“I have heard people give Ted Talks on climate change, and they always tend to end with, ‘Well, despite all of this, I'm optimistic.’ And frankly, I’m not. If I was giving a Ted Talk, maybe I would say I was. It’s very hard to be all gloom and doom, but you know, this is not good. I have grandchildren, and I really worry about them. I don't moan and groan in their presence. But this is going to be their life in a much hotter world and a much different world.” Judith Weis, a marine scientist with experience working on Capitol Hill and in academia, knows from firsthand experience that adapting to climate change and curbing plastic pollution is urgent.
Judith expanded, “We scientists started talking about this in the ’80s, when it first became obvious that things were happening with bleaching of coral reefs. So we've been talking about it for 40 years, and the progress we've made is minor. We need it to be much faster, much more, much sooner.”
Judith’s matter-of-fact outlook on the urgency of the climate crisis has fueled her prolific research and outreach on environmental issues ranging from reducing the spread of microplastics to protecting coastal salt marshes through adaptation. Currently a professor emeritus at Rutgers University, she has contributed to several books and published extensively on marine aquatic organisms, tropical mangroves, the effects of contamination, parasites, and invasive species on animals in estuaries, and more.
JUDITH USED INFORMATION FROM EESI'S PREDECESSOR WHEN SHE WORKED ON CAPITOL HILL
Judith told EESI that in the 1980s, “I looked up from my lab and saw things going on in the EPA that I thought were outrageous, so I got involved in policy, And I learned about a fellowship for scientists to work for the federal government, generally on Capitol Hill. I thought I might have an impact on policy by working there.”
“When I became a fellow, I spent a year in Washington working for the Senate Committee on Environment and Public Works. And while there, I got these “green sheets”—literally on green-colored paper—from the Environmental and Energy Study Conference, which was the predecessor of EESI.”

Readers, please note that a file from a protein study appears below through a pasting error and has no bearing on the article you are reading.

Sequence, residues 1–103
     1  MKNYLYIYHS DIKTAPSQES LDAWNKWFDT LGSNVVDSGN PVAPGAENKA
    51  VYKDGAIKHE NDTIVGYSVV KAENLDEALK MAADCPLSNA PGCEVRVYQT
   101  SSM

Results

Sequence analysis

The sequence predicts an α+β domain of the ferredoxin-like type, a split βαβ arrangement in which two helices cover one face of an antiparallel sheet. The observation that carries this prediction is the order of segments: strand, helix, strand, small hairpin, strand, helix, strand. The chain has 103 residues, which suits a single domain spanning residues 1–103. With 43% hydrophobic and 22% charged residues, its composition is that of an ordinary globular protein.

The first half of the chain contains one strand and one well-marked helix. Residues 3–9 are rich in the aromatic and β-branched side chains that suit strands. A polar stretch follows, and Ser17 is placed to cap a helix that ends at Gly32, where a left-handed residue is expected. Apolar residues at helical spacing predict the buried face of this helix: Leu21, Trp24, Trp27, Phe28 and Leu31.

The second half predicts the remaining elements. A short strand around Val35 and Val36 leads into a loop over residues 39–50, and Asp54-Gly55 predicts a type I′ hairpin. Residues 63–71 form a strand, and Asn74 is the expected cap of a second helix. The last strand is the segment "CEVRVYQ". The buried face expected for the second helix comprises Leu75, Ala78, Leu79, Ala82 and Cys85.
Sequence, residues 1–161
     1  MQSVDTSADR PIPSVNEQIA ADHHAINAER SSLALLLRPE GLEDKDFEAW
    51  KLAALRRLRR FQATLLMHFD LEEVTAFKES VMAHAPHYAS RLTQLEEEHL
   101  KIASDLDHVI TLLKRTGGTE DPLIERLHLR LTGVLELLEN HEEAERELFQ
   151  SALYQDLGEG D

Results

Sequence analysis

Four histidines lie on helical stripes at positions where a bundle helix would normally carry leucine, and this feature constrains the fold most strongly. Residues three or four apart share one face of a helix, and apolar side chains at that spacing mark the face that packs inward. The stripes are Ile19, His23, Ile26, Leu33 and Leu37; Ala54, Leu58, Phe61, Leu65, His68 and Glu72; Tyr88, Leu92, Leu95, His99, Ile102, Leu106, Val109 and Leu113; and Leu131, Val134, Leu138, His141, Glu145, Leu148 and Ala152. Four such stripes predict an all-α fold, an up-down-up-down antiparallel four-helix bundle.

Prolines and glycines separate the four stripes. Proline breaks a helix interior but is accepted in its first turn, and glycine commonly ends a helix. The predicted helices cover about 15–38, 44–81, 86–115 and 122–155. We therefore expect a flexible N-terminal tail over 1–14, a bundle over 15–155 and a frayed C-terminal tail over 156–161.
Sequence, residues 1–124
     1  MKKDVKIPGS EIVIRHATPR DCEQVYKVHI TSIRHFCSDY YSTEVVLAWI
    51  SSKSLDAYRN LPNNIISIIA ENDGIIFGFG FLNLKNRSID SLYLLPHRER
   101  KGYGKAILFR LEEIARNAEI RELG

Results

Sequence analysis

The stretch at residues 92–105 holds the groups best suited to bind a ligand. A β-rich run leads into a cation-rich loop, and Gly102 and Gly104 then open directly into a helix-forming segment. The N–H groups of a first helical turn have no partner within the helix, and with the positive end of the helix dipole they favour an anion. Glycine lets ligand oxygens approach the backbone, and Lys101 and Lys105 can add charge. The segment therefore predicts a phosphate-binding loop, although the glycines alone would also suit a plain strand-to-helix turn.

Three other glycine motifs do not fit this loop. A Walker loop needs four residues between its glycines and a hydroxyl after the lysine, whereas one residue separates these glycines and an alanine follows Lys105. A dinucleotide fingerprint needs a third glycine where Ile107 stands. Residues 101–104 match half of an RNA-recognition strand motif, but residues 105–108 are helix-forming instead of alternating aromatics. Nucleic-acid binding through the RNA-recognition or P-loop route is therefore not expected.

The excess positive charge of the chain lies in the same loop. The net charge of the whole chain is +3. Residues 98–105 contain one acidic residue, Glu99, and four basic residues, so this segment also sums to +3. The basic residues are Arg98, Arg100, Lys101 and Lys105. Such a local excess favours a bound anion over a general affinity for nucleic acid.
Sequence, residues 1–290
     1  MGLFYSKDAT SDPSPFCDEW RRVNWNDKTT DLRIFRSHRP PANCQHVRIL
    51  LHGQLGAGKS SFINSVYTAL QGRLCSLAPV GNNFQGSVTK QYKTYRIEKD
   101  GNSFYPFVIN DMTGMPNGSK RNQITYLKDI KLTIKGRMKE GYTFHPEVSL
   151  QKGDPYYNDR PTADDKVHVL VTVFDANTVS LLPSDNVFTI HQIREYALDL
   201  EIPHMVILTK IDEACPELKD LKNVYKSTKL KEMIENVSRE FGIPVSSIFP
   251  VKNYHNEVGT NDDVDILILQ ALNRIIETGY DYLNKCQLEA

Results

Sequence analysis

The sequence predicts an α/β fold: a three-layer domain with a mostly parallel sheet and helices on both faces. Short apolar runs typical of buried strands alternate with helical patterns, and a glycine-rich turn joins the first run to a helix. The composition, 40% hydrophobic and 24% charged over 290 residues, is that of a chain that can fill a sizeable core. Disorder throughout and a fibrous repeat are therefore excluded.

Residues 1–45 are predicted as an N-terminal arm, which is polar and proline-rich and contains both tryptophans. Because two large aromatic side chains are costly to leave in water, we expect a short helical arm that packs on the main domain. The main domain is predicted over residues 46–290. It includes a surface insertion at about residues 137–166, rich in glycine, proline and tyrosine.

“They were very helpful to me in the work I was doing, and I really was appreciative of this informative news that came to us. And then I followed from a distance as EESI went online, launched a website and all. And I’m still following and donating to EESI because I just had very good feelings about EESI’s importance from my time on the Hill!”
From her work on coastal marshes, Judith knows that people living in coastal New Jersey increasingly understand the importance of marshes, including their role in mitigating floods during extreme weather events such as hurricanes. She noted that it was very clear that during Hurricane Sandy, which caused a lot of damage to New Jersey and New York, the communities that had a more extensive marsh were much less damaged than the communities that did not. Marshes have a protective effect against storm surge and flooding but also help absorb pollutants, resulting in cleaner water.
To learn more about the climate solutions for marshes and wetlands that Judith recommends in her work as a marine biologist, check out part 2 of this article, coming soon! It will appear in our biweekly Climate Change Solutions, so subscribe here if you don’t already receive it.